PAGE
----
Saturday, April 14, 2012

"Eggs Benedict" and "Choosing Wisely": often the best thing to do is nothing

Years ago (OK, decades ago), when Woody Allen was a standup comic, he did a short, famous bit called “Eggs Benedict”. The narrator (let’s say “Woody”) is having pain in the chestal area (a great formulation which has long been popular in my house). He is pretty sure it is heartburn, but is worried and doesn’t want to pay the $25 to see a doctor (I told you it was a long time ago). Luckily his friend, Eggs Benedict, is having the same kind of pain. He figures if he can get Eggs to go to the doctor, he can find out what it is and save money. It works, and Eggs finds out it is heartburn. Two days later, he discovers Eggs is dead. He immediately checks into the hospital, has all kinds of tests, and discovered he has – heartburn. The bill is $110 (it was a really long time ago!) He goes to see Eggs’ mother and asks if his friend suffered much. “No,” she says, “the car hit him and that was it!”

I was thinking about this story when I was asked to call into a local radio talk show to comment on “Choosing Wisely”, an initiative of the American Board of Internal Medicine (ABIM), which calls on medical specialty societies to list 5 tests or treatments frequently performed in their specialty that they recommend not be done, or not be done on most patients. In the recently released report, 9 medical specialty societies are represented, for a total of 45 recommendations, which can be found here. The 5 for my own specialty, Family Medicine, listed by the American Academy of Family Physicians’ (AAFP), were:

1.  Don’t do imaging for low back pain within the first six weeks, unless red flags are present.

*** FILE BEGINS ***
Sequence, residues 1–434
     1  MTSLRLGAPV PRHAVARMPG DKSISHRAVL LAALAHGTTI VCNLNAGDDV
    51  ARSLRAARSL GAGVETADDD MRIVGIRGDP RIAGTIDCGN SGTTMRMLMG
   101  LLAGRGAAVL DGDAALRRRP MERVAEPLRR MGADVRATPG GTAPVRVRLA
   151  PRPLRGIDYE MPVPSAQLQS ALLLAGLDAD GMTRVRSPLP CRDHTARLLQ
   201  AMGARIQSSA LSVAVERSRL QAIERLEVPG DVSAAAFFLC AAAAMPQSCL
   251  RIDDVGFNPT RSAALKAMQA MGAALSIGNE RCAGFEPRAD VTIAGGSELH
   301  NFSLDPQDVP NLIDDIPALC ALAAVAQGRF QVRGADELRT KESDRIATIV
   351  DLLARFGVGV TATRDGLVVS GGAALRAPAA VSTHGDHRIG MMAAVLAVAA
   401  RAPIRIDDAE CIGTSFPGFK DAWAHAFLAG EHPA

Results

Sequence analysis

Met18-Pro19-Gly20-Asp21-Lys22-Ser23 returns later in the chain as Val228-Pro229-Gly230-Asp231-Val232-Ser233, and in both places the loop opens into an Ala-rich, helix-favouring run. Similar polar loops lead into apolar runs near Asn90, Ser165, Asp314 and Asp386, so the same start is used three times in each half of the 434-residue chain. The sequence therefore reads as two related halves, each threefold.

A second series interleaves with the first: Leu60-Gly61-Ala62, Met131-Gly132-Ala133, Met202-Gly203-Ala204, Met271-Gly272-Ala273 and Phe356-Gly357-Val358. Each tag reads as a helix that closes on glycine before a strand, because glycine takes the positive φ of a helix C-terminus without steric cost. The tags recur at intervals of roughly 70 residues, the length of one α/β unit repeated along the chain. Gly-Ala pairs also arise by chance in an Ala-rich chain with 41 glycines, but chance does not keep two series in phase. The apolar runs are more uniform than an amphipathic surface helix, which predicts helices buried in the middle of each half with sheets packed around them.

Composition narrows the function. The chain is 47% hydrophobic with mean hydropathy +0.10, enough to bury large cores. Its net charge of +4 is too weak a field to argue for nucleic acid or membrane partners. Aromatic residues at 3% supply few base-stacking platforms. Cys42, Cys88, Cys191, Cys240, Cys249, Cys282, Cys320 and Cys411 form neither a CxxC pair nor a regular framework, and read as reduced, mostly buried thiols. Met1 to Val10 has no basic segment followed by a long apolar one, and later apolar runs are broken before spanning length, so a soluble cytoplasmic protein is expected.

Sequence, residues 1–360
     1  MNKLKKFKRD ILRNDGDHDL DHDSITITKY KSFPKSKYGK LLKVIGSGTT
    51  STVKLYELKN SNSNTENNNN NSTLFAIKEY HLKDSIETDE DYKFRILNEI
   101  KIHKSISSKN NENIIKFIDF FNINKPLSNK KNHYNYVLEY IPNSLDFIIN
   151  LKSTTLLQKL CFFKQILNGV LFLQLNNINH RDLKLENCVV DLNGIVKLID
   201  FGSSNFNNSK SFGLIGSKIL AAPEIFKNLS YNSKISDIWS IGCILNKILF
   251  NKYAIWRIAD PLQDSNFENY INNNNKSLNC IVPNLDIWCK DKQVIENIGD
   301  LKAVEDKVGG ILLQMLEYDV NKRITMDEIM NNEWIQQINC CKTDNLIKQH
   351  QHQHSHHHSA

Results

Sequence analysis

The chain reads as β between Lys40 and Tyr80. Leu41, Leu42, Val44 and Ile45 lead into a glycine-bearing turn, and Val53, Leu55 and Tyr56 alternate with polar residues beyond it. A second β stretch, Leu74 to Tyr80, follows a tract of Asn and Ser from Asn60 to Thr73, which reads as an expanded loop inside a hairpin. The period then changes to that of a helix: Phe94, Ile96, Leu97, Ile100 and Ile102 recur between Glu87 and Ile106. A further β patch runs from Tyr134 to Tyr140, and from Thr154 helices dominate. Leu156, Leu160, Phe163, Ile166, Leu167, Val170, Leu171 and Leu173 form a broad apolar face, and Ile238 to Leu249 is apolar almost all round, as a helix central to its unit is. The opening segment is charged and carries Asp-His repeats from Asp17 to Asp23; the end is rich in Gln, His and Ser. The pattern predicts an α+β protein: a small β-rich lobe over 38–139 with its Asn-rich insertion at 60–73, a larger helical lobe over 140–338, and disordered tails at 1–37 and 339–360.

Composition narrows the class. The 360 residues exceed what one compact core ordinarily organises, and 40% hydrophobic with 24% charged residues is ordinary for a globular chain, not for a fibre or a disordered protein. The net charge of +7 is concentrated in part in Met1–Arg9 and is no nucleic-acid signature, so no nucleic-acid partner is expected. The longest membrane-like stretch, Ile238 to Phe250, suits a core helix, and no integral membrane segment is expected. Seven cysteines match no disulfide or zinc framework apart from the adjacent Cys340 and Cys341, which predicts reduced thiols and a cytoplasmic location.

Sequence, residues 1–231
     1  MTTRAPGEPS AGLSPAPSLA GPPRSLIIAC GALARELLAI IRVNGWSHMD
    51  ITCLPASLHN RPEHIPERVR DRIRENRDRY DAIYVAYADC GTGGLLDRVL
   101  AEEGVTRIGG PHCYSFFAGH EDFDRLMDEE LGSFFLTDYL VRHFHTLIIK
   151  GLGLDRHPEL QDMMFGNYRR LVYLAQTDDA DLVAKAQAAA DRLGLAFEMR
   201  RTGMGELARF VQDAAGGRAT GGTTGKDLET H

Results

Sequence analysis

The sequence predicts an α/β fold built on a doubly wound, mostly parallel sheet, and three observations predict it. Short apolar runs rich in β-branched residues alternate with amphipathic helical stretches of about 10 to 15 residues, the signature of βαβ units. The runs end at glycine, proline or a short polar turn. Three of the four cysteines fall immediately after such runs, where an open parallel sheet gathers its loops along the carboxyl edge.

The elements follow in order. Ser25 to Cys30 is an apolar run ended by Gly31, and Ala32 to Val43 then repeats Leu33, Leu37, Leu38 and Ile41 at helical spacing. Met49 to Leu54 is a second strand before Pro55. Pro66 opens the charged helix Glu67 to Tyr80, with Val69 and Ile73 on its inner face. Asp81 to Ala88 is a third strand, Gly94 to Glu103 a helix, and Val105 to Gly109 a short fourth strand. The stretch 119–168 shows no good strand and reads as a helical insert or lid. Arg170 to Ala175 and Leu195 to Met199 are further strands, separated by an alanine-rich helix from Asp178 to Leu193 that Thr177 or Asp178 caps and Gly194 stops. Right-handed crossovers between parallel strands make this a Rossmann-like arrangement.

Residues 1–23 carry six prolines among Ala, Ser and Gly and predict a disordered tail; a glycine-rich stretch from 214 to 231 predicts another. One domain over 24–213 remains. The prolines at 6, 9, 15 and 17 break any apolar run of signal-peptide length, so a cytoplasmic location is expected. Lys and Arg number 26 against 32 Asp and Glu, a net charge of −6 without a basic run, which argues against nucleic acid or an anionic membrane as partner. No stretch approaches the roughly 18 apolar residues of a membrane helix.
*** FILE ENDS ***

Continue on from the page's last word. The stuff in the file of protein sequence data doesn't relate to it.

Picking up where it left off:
2. Don’t routinely prescribe antibiotics for acute mild-to-moderate sinusitis unless symptoms last for seven or more days, or symptoms worsen after initial clinical improvement.
3.  Don’t use dual-energy x-ray absorptiometry (DEXA) screening for osteoporosis in women younger than 65 or men younger than 70 with no risk factors.
4.  Don’t order annual electrocardiograms (EKGs) or any other cardiac screening for low-risk patients without symptoms.
5. Don’t perform Pap smears on women younger than 21 or who have had a hysterectomy for non-cancer disease.

Each is backed by the evidence, and is accompanied by a summary of the reasons. For example, for #2: “Most sinusitis in the ambulatory setting is due to a viral infection that will resolve on its own. Despite consistent recommendations to the contrary, antibiotics are prescribed in more than 80 % of outpatient visits for acute sinusitis. Sinusitis accounts for 16 million office visits and $5.8 billion in annual health care costs.” Big money for a treatment that doesn’t work, and can cause bad side effects (allergies to the antibiotics and increased resistance of bacteria to antibiotics, for two).

The talk radio hosts had questions, especially about treatment of cancer. One of the American Society of Clinical Oncologists’ (ASCO) recommendations is “Don’t use cancer-directed therapy for solid tumor patients with the following characteristics: low performance status (3 or 4), no benefit from prior evidence-based interventions, not eligible for a clinical trial, and no strong evidence supporting the clinical value of further anticancer treatment.”  That seems like a no-brainer to me, but they wanted to know “What if a patient wants treatment for cancer anyway?” I said I thought it was the responsibility of the doctor to point out that the treatment would not help, and would not only cost money but would have a lot of toxic side effects; I said that I thought most people, if they knew they were going to die from their cancer and the treatment would not help, would not wish to spend their last days and weeks nauseated, losing their hair, and being unable to interact comfortably with their loved ones.